Reader Michael L. Hayes of Las Cruces commented: What impresses me is that both the proposed standards and some of the criticisms of them are equally grotesque. I make this bold statement on the basis of my experience as a peripatetic high school and college English teacher for 45 years in many states with many students differing in race, religion, gender and socioeconomic background, and as a civic activist (PTA) in public education (My career, however, was as an independent consultant mainly in defense, energy and the environment.)

The proposed social studies standards are conceptually and instructionally flawed. For starters, a “performance standard” is not a standard at all; it is a task. Asking someone to explain something is not unlike asking someone to water the lawn. Nothing measures the performance, but without a measure, there is no standard. The teacher’s subjective judgment will be all that matters, and almost anything will count as satisfying a “performance standard,” even just trying. Students will be left to wonder “what is on the teacher’s mind?” or “have I sucked up enough.”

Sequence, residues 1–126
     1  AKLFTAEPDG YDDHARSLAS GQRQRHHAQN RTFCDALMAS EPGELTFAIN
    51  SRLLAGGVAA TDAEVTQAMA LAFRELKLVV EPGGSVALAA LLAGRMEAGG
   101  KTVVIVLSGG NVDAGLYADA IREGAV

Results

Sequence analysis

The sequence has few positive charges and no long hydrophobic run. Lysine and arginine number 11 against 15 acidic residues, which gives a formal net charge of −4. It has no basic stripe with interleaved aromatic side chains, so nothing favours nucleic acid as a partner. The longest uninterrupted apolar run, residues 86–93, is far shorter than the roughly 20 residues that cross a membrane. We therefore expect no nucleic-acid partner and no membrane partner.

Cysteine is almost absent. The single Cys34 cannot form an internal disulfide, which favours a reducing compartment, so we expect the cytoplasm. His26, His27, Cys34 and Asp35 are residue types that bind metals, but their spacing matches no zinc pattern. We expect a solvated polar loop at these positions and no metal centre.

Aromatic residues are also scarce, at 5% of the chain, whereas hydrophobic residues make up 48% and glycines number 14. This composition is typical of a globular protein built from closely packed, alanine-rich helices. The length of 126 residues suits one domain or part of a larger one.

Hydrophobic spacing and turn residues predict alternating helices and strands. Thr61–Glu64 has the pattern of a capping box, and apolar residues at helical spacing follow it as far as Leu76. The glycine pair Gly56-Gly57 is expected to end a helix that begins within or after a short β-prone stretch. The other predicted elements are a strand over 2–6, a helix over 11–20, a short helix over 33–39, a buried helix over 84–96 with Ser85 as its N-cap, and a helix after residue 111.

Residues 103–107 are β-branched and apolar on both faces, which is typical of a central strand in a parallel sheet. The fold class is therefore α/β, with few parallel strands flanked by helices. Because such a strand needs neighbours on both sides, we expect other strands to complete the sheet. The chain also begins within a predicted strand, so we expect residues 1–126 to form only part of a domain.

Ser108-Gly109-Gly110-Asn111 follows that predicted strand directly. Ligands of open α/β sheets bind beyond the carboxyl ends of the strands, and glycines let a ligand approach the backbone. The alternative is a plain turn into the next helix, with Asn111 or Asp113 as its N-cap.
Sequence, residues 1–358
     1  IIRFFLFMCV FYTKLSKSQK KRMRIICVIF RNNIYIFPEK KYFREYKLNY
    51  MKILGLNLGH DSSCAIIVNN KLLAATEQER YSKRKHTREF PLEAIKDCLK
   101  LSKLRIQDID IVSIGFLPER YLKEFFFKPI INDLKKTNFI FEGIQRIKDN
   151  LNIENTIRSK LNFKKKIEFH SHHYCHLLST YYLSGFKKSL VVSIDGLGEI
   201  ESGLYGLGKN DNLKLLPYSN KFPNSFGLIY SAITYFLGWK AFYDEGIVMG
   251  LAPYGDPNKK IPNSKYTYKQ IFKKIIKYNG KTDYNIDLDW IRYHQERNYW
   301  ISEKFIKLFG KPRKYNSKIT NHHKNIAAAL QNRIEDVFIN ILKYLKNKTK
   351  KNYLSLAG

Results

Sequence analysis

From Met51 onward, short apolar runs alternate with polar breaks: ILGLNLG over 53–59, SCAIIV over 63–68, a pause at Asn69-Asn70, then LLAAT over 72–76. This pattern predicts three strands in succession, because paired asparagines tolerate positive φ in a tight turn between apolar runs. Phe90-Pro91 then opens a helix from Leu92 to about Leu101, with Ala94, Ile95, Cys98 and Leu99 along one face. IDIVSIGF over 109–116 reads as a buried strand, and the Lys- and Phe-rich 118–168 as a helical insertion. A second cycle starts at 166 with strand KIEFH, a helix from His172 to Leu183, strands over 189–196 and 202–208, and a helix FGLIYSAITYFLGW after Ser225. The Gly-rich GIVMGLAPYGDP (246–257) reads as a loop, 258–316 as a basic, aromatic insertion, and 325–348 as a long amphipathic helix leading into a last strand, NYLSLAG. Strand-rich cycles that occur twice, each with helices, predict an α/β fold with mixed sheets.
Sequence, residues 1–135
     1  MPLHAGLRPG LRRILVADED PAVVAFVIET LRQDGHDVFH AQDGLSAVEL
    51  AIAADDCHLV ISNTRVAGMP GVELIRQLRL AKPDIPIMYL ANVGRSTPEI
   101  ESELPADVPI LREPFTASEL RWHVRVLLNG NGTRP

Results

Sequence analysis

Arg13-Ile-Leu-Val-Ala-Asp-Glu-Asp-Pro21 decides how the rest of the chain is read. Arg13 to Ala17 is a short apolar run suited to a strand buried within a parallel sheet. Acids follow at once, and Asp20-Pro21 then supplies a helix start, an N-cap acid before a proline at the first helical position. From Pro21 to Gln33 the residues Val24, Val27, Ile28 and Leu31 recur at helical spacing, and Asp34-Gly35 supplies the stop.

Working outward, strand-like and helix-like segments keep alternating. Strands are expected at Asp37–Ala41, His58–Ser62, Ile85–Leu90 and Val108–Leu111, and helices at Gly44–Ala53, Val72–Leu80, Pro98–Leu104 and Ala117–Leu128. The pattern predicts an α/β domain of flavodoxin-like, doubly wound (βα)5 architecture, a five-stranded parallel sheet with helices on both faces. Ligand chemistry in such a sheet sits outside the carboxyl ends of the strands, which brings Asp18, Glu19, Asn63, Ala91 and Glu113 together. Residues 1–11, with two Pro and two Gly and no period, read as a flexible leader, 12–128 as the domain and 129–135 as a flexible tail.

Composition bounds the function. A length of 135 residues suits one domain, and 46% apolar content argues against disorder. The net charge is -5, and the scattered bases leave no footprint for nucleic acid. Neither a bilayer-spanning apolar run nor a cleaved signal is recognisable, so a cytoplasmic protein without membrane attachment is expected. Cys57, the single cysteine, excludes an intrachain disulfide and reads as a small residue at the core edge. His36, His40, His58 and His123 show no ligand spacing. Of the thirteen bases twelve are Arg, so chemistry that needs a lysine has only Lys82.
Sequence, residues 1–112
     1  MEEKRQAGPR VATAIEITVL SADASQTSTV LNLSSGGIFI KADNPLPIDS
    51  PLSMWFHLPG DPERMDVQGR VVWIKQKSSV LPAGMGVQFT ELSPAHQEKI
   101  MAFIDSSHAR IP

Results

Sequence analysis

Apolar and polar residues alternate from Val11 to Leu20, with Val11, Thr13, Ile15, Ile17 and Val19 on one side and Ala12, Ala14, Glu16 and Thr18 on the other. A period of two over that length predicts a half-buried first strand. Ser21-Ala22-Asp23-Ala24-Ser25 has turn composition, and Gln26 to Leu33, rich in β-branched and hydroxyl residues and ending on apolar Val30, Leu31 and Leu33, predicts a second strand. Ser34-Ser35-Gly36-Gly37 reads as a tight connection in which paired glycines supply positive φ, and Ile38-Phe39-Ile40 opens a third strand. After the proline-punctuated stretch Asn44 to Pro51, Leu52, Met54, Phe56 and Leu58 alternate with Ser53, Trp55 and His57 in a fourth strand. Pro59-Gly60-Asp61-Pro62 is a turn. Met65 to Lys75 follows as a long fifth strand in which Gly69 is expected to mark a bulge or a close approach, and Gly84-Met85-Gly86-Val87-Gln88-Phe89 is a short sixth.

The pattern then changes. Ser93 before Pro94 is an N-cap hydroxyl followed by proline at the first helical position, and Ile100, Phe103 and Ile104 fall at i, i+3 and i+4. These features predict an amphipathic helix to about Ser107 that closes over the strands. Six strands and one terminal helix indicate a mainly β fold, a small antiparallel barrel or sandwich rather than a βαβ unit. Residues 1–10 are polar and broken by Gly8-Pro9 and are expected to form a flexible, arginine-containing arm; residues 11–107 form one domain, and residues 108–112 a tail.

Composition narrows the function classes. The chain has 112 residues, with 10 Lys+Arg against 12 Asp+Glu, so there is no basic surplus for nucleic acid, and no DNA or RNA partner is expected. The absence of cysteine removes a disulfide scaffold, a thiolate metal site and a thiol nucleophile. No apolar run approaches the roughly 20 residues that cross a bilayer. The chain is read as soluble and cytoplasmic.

Four other quick criticisms of the performance standards. One, they are nearly unintelligible because they are written in jargon. PED’s use of jargon in a document intended for the public is worrisome. Bureaucrats often use jargon to confuse or conceal something uninformed, wrong or unworthy. As a result, most parents, some school board members and more than a few teachers do not understand them.